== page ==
Vladimir Putin was first elected in 2000.
Richard Edgar Pipes was born in Cieszyn, Poland, on July 11, 1923, the son of Mark Pipes and Sophia (Haskelberg) Pipes. Growing up in Warsaw, he was first taught German, then Polish. His initial interests were musical and artistic. As an adult, Dr. Pipes collected art, favoring prints by the renowned Japanese artist Hiroshige. One of his books was “Russia’s Itinerant Painters” (2011).
“By a combination of daring and good fortune,” as Dr. Pipes once put it, he and his parents escaped Warsaw a month after it fell to the Nazis. Guards at the Austrian-Italian border questioned the authenticity of the Pipes’s forged passports. After a long delay, the family was told they could proceed, on one condition: that they not return to German soil. “We said ‘OK,’ ” Dr. Pipes recalled in 1999, with a long, heartfelt laugh.
From Italy, Dr. Pipes and his parents went to Portugal, reaching the United States in the summer of 1940. “It was so stable,” he said in that Globe interview. “I remember reading an advertisement in Life magazine for some insurance company: ‘Unforeseen events should not affect the course of a man’s life.’ I remember thinking, ‘These people are living in the 19th century!’”
He attended Muskingum College in Ohio and Cornell University. After serving in the Army Air Force, he entered Harvard in 1946. He got his doctorate there in 1950, became a full professor in 1958, and retired in 1996. From 1968-1973, he was director of the university’s Russian Research Center.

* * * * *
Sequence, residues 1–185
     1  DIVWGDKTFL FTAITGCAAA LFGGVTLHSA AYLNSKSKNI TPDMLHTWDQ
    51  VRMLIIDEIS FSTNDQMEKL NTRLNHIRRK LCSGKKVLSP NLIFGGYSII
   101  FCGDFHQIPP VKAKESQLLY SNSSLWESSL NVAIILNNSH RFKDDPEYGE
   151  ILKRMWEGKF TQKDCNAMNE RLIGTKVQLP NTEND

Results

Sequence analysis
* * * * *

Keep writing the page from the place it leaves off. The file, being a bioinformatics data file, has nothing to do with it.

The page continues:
Of the time Dr. Pipes spent in the nation’s capital, he said in 1999 that he didn’t “want to be controversial. I don’t want just to be attacked, but it happens that I very often am. I tremendously value my intellectual independence and being able to say what I want, which made life very difficult for me when I was in Washington.”
As a mentor, Dr. Pipes “gave his students great latitude, though he often suggested to them what he considered promising research topics,” said Daly, who was among his graduate students at Harvard.
“His analytical brilliance, broad learning, extraordinary productivity, and dedication to clear scholarly writing served as a model to all of us.”
Daly added that “there were tensions with some of his graduate students in the late 1960s and beyond, given Pipes’s anti-Soviet and anti-communist convictions. Yet even those of his PhD students who fell out with him over his politics universally acknowledged the great benefits they reaped from the scholarly journal ‘Kritika,’ which Dr. Pipes launched in 1964.”
A 2007 recipient of the National Humanities Medal, Dr. Pipes leaves his wife, Irene Eugenia (Roth) Pipes; two sons, Daniel of Philadelphia and Steven of New York; and four grandchildren.
A graveside service will be held Friday in Beth Israel Memorial Park, in Waltham.
In 2003, Dr. Pipes published an autobiography, “Vixi: Memoirs of a Non-Belonger.”
“There are various reasons for writing an autobiography, but for me the most important is to get to know oneself,” he wrote.
“For if one has lived to a ripe old age, as I have, one’s life is a long story whose earlier chapters are clouded in darkness,” he added. “Are we the same over these decades? Can we still understand what we have once said and done, and why? To write an autobiography is akin to doing an archeological dig, with the difference being that the digger is also the site.”